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Old 14 November 2014, 05:00 AM
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thorny locust thorny locust is offline
Join Date: 27 April 2007
Location: Upstate NY
Posts: 9,392

Originally Posted by erwins View Post
But the way that markets work is that if it isn't worth it, a company will stop doing it, and gain a competitive advantage by not wasting money on it.
Okay. I'm probably too tired to clearly explain what I mean here, but I'm going to make a stab at it anyway.

It's not necessarily an advantage for one company to stop doing it while all the others are still doing it.

Suppose it costs you $x to stay open for one day.

Suppose the people who want to do their shopping early will spend $2x + $y.

Suppose that they will spend this money only on the first day of the shopping: whenever that first day happens to be.

If all the stores are closed on Thanksgiving, and that first day of sales is Friday, these customers will then spend that money on Friday. None of the stores have to spend the money to be open on Thanksgiving; and they'll share out the money that the early spenders spend.

If a few of the stores are open on Thanksgiving, that first day of sales is Thursday, and the stores that are open on Thursday will get that money. The stores that don't open till Friday won't get it; that money won't still be around the second day of the sale, because it was spent on the first, and most of those customers aren't going to spend more money just because the sale lasted longer. (A few of them probably will; but this may well amount to less than the cost of staying open an extra day.)

If all the stores open on Thursday, then they will all again share in that money. Each of them will make more money than the store that doesn't open the first day of the sale; and that increase will (I am positing) be more than the cost of being open the extra day.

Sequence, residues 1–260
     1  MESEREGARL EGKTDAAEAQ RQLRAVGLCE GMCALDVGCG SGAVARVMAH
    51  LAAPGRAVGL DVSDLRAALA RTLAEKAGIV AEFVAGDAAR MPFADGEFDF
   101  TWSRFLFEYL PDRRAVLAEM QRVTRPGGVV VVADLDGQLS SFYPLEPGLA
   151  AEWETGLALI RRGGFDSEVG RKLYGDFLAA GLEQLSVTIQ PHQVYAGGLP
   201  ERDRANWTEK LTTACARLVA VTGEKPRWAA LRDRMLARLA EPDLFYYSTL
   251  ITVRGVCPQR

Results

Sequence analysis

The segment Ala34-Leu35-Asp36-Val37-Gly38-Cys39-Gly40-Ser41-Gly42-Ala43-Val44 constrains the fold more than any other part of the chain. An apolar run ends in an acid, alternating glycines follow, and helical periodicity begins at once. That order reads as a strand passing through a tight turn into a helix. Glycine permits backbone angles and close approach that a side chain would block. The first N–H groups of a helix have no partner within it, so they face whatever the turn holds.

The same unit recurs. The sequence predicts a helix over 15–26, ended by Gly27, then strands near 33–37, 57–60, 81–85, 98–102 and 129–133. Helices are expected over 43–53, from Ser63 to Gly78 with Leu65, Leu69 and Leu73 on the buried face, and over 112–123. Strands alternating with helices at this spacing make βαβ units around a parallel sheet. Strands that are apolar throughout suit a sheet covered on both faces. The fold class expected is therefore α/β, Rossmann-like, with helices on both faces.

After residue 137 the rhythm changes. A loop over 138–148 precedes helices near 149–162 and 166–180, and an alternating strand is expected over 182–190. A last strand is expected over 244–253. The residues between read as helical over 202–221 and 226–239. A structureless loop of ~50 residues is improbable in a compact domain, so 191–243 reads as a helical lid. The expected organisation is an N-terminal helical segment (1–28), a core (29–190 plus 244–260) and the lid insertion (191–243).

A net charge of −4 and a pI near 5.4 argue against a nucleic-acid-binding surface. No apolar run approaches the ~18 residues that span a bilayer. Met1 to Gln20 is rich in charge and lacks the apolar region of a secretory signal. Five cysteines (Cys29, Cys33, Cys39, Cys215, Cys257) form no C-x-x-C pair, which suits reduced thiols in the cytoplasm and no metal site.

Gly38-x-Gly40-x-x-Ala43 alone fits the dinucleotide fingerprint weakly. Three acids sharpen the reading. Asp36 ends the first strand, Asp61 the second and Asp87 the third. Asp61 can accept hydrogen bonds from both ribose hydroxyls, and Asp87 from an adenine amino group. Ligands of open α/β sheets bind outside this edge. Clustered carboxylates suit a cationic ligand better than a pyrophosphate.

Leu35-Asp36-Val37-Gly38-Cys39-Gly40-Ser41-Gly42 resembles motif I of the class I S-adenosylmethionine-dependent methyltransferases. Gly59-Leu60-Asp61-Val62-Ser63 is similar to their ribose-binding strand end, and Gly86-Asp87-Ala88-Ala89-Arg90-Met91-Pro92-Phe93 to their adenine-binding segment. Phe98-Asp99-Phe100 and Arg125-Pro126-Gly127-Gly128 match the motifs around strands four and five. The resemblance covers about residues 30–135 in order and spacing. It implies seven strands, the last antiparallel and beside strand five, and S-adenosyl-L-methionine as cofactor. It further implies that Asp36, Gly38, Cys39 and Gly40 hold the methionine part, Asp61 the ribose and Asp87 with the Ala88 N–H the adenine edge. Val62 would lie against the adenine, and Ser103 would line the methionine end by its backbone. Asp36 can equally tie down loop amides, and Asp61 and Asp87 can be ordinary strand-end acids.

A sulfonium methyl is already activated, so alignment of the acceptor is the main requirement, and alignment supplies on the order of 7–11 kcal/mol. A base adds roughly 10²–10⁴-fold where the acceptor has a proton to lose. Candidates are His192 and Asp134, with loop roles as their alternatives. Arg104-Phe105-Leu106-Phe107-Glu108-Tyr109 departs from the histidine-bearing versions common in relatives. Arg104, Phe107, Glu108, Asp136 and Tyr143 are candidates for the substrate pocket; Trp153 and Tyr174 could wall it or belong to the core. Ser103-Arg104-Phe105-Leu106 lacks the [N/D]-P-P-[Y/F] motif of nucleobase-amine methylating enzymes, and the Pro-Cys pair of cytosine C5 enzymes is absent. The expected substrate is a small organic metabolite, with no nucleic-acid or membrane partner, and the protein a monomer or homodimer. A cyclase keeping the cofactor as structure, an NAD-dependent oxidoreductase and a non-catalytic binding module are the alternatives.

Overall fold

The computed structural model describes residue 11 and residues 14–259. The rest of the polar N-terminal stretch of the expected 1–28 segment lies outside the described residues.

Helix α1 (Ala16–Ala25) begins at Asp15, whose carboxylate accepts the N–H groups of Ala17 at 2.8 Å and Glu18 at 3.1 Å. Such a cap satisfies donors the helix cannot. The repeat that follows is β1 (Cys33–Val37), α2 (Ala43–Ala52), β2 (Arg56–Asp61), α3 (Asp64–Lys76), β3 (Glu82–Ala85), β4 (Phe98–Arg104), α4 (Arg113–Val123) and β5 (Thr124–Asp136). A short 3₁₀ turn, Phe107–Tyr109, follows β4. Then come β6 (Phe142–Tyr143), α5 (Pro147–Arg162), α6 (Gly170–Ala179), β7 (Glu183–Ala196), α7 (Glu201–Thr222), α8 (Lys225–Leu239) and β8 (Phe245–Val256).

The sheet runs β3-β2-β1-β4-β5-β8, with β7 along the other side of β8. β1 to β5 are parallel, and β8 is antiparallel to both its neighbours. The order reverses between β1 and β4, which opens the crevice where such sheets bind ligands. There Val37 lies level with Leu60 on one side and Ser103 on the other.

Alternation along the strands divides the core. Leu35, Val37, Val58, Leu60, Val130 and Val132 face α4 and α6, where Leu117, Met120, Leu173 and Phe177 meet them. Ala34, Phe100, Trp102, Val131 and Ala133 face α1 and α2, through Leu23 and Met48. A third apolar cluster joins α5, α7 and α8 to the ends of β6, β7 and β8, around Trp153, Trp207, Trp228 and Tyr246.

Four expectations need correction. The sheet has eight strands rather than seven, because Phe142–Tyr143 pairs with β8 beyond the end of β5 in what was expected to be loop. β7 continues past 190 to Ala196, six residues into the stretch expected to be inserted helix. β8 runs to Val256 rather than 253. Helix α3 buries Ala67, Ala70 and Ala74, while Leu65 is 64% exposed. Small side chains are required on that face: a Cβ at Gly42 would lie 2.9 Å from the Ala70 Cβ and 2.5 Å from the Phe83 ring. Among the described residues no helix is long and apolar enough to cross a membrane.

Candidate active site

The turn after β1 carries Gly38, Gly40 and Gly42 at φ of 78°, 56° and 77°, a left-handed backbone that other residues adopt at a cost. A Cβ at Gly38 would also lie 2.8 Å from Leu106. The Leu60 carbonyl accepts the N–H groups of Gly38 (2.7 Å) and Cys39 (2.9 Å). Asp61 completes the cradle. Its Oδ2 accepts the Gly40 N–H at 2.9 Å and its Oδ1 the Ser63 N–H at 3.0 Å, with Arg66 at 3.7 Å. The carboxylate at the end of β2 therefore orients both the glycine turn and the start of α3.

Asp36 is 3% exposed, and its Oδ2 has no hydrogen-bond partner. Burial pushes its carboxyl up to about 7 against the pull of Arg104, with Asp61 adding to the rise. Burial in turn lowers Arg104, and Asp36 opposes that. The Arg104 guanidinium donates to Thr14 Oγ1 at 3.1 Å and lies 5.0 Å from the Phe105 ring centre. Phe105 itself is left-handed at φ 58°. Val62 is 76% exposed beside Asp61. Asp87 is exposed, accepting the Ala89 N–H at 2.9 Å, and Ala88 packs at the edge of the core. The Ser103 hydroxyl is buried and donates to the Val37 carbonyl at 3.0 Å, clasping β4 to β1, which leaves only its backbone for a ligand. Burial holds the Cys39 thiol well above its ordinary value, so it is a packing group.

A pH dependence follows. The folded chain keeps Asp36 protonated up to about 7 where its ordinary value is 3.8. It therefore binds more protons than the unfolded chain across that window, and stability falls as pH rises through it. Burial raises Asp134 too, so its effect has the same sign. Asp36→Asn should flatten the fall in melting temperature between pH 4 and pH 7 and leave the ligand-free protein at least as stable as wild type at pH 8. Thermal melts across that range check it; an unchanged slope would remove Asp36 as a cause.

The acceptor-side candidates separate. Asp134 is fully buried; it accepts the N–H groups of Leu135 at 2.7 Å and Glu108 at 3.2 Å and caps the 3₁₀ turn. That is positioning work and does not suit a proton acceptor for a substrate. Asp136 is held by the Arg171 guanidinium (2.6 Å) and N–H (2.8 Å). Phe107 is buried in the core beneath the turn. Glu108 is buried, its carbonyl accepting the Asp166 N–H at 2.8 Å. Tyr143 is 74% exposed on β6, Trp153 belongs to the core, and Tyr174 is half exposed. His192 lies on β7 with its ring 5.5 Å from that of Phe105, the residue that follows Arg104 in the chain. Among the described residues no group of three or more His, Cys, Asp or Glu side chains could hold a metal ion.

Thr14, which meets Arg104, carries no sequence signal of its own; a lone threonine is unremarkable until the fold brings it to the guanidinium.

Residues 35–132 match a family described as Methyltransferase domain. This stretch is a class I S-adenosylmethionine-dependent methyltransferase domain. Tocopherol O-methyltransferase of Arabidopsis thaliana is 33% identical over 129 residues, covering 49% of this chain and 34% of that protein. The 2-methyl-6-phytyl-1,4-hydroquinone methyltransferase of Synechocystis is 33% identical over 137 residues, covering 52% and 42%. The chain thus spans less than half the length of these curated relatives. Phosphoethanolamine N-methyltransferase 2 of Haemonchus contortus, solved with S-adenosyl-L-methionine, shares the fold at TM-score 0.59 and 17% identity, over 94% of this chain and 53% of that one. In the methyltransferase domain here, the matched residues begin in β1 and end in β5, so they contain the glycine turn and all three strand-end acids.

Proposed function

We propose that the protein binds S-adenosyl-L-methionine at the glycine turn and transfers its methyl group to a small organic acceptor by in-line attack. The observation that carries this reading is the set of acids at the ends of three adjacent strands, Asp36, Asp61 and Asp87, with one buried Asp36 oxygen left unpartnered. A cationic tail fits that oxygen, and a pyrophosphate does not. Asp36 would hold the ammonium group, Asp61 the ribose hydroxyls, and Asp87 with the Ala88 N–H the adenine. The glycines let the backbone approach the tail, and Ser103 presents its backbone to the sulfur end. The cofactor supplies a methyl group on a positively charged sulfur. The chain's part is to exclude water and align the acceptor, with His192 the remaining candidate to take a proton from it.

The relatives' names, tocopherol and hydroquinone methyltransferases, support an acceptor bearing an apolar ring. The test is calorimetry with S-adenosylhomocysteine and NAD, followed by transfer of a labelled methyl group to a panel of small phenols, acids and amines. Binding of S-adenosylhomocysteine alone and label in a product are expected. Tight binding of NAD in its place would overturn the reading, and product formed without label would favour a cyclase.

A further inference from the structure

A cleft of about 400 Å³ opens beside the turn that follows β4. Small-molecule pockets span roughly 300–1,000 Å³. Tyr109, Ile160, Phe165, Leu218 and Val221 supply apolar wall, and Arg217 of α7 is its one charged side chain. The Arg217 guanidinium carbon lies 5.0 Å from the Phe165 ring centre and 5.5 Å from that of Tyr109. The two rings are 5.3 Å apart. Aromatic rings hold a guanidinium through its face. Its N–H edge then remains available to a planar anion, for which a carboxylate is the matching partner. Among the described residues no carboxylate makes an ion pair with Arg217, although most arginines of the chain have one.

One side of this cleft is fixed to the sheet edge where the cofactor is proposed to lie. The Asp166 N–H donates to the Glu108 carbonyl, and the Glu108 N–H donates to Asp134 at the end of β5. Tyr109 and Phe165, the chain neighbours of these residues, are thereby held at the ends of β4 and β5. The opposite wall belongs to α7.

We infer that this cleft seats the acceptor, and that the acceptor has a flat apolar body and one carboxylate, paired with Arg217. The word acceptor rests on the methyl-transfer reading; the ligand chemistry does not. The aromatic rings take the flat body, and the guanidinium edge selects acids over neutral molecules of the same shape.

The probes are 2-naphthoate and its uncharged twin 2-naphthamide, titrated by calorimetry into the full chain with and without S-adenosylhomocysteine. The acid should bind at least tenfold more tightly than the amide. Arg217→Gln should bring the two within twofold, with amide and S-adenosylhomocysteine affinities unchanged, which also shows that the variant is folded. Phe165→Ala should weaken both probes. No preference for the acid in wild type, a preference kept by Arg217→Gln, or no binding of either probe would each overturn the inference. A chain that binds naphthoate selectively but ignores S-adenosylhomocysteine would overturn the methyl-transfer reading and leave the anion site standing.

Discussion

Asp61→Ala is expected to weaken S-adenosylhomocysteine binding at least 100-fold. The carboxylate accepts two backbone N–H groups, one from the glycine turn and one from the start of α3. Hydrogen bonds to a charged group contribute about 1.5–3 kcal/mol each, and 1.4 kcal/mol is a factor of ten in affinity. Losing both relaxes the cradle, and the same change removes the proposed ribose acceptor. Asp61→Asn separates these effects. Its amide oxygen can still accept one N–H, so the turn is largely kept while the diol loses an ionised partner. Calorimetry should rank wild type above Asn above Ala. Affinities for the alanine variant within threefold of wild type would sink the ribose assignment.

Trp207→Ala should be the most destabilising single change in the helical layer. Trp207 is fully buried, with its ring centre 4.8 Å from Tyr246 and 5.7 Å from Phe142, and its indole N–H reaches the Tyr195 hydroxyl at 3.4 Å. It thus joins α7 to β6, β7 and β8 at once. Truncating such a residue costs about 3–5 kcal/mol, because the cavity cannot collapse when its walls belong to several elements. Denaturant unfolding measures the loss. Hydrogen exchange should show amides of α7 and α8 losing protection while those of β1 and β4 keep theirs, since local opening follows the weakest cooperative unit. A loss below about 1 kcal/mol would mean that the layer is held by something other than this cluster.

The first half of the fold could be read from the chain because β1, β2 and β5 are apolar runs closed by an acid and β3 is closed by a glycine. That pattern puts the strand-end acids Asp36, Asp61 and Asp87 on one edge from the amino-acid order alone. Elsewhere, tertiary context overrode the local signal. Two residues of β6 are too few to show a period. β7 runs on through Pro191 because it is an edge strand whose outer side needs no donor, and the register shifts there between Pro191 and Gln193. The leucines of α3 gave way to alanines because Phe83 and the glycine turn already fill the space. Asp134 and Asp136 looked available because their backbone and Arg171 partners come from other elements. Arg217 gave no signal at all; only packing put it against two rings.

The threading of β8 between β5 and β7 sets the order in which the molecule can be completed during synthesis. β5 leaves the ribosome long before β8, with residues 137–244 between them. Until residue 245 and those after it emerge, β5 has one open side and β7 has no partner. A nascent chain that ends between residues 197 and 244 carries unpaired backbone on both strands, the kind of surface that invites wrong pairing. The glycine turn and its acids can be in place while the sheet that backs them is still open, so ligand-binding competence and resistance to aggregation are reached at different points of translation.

However, none of them will take in more money than they would have if they had all waited to start the sale on Friday: because there isn't actually more money being spent; it's only the timing of the spending that's affected.

And they now all have the expense of being open both days. So, while their net profit (I'm positing; I don't have actual knowledge of their figures) is greater than it would be if they were the only store, or one of only a few stores, closed on Thursday, it's not as great as it would be if they were able to bring in that same amount of money on Friday instead: as they would if none of them opened on Thursday.

-- Basically, the first few to break ranks and open on Thursday not only make more money: they cause everyone who doesn't so open to lose money. The others have to open on Thursday to catch up; and, once they do so, those first few are no longer making the extra money that caused them to open early in the first place, because they're back to having to share the early-sales money with all the other stores. But they're now all stuck; they're still dividing the same amount of money as they would be without Thanksgiving opening, but they have to bear the costs of being open an extra day to do so. They're all worse off than they all were when the sales started a day later. But any one store that breaks ranks in the other direction loses more in sales than it gains by the closing, because by the time they open all the early money is already spent.
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